Lake Hillier, called “Australia’s Pink Lake”, has a particularly opaque and intense pink color. This 600 meter long lake is surrounded by a border of white salts, surrounded by a eucalyptus forest and separated from the ocean by a strip of white sand: in other words, a heavenly landscape. The lake was discovered in 1802 by the British explorer Matthew Flinders and so far it is not known exactly what caused this superb color.
What to know about Lake Hillier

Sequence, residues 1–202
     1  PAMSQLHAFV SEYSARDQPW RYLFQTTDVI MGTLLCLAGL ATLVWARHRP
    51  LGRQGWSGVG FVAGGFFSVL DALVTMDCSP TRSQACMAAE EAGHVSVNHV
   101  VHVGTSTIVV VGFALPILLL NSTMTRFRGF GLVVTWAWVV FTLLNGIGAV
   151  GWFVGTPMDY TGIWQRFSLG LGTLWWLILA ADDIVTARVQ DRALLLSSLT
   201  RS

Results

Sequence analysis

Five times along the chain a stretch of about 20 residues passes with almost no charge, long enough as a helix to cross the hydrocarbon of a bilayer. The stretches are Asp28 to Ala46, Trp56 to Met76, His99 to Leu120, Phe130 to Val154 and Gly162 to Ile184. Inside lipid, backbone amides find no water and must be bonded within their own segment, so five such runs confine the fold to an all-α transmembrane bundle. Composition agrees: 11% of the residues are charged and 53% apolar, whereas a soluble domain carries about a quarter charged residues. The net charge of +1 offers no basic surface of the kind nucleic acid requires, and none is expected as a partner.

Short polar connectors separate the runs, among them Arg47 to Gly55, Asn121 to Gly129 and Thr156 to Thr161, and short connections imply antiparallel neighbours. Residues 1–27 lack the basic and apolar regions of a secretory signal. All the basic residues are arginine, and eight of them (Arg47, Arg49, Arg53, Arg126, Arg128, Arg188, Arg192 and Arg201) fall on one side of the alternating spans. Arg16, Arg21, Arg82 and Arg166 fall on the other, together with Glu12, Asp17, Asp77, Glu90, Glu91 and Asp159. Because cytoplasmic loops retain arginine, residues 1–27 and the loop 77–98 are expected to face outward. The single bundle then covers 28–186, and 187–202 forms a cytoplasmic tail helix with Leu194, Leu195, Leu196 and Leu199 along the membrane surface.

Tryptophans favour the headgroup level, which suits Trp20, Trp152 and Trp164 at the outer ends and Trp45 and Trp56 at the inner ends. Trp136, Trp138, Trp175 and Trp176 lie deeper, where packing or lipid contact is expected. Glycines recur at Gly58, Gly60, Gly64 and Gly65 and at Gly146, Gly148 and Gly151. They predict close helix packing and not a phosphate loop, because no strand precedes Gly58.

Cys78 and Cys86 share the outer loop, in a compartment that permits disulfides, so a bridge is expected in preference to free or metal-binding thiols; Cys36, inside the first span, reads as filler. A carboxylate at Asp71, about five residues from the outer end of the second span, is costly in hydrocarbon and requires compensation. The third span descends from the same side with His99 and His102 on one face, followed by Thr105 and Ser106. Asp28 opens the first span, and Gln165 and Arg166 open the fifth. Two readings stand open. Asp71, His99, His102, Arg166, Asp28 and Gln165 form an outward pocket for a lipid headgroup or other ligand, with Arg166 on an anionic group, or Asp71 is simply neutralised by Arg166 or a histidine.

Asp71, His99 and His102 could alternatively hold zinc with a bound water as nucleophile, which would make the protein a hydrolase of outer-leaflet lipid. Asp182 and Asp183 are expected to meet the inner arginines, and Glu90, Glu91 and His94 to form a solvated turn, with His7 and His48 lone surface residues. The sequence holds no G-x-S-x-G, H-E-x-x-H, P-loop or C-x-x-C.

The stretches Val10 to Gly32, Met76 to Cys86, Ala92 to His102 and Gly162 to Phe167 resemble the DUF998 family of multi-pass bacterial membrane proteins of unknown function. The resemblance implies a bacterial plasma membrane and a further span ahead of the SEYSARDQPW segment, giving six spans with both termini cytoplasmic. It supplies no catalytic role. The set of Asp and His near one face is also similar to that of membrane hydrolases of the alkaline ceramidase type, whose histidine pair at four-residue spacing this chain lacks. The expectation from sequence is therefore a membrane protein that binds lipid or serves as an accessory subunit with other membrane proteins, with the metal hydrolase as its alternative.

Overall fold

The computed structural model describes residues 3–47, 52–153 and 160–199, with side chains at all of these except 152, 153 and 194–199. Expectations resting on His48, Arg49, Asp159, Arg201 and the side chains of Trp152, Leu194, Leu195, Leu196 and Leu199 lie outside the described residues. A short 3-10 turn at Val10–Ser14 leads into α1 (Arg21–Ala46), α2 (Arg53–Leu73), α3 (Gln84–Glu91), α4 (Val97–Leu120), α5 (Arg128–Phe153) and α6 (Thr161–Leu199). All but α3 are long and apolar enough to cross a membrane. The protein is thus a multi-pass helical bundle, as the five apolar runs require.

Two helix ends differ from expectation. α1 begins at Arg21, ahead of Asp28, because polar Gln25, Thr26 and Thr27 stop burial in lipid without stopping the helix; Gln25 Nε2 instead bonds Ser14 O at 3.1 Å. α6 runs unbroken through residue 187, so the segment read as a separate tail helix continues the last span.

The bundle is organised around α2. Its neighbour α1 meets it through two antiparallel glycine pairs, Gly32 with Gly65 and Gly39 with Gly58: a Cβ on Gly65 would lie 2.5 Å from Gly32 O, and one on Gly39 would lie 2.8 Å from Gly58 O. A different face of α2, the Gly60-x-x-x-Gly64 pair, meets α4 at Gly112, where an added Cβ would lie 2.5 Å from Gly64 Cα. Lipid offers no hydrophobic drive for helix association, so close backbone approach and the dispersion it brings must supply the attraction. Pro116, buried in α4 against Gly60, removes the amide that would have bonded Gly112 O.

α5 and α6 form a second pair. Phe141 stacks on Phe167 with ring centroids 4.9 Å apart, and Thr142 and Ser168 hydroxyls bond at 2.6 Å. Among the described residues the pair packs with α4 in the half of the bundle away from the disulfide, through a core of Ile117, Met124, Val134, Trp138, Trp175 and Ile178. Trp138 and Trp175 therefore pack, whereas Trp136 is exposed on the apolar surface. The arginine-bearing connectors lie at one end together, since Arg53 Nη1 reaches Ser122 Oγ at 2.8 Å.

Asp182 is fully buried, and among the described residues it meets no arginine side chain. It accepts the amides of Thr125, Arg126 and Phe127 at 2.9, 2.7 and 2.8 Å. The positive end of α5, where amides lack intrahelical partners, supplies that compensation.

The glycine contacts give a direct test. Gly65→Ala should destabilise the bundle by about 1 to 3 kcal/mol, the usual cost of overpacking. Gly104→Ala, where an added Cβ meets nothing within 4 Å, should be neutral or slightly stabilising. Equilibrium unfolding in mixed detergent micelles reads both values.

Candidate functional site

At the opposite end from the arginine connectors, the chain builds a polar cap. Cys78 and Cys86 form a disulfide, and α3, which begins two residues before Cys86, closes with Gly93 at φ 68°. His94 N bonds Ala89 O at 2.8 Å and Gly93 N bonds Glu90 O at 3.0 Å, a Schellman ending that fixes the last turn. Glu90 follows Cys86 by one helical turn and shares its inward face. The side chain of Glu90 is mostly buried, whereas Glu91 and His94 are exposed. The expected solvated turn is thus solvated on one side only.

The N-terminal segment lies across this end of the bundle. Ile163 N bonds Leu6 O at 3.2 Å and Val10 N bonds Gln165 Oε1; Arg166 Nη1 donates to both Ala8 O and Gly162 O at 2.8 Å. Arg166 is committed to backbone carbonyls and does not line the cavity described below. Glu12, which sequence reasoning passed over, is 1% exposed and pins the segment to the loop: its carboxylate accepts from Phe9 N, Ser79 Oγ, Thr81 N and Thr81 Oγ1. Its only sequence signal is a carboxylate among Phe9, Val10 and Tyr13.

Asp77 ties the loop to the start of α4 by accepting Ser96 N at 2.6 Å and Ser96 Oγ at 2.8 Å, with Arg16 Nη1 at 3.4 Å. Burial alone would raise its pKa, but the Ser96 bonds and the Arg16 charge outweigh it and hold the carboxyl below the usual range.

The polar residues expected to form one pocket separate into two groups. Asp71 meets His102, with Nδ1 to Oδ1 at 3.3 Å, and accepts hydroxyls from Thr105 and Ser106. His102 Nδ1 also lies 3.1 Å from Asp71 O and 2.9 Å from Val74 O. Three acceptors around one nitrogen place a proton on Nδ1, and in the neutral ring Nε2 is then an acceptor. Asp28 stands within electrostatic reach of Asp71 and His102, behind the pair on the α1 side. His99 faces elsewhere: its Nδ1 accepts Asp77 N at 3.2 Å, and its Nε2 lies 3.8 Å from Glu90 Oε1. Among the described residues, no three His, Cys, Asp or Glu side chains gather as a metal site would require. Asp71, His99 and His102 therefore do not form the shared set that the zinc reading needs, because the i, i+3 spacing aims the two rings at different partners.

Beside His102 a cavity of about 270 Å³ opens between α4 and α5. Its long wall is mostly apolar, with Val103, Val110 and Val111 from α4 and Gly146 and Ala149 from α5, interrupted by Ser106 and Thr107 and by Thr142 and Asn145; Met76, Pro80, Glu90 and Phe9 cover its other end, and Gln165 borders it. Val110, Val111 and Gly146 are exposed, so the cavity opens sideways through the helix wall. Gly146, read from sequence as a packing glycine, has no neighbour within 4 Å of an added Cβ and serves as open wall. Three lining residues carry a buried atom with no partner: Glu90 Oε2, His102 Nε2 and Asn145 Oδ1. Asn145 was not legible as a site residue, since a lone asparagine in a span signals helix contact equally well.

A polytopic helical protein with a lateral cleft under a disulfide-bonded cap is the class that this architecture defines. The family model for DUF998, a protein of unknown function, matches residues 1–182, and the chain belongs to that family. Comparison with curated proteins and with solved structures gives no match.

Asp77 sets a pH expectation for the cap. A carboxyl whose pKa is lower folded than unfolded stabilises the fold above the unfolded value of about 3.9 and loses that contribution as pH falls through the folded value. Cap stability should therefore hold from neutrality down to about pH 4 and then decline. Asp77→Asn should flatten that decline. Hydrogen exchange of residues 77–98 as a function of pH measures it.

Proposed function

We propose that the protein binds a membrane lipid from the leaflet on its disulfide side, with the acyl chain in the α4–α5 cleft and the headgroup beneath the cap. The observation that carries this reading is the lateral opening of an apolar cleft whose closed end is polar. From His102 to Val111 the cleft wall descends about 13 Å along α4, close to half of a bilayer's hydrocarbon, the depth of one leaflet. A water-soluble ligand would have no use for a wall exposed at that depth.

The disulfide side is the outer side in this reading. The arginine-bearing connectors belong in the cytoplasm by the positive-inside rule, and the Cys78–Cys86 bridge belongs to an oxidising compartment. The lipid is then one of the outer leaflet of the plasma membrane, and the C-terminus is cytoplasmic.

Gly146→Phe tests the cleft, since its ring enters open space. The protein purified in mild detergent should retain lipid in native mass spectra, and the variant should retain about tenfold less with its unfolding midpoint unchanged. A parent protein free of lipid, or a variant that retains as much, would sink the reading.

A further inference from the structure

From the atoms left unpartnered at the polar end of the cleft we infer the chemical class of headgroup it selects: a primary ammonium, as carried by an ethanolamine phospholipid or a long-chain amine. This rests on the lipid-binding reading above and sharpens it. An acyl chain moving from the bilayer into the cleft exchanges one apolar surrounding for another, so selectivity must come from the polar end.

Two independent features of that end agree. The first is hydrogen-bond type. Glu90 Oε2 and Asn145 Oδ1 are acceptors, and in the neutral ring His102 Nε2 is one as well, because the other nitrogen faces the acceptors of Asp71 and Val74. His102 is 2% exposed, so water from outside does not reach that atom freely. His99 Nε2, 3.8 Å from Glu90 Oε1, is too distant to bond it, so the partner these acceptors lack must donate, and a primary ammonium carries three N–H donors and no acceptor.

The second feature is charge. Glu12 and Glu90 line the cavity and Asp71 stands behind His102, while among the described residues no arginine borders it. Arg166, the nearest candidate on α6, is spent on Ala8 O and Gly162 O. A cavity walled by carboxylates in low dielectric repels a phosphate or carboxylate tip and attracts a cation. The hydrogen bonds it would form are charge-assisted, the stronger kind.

Lake Hillier is located on Middle Island, the largest of the islands in the Research Archipelago in Western Australia. These are white sand dunes that separate the lake from the Southern Ocean. Despite its unusual color, the pink lake remains open for swimming and poses no danger to humans. Its pink color is permanent, that is to say that even if you take water in a glass, it will remain pink. Although researchers and scientists believe that the pink color is due to algae, bacteria and therefore the presence of salt and microorganisms in the lake, they have not found the exact reason for this surreal color. Other lakes possess part or all of the pink color, but not as permanent and pronounced as Lake Hillier. Here the waters refuse to turn blue or green as is the case in all similar lakes. And as with any phenomenon that has no rational and scientific explanation, urban legends and other myths abound. Some people believe that the shape of the lake is the same as the footprints of “Bigfoot”, a legendary yeti-like creature that is said to live in Canada and the United States. But while waiting for a real explanation, here are some photos of this magnificent pink lake.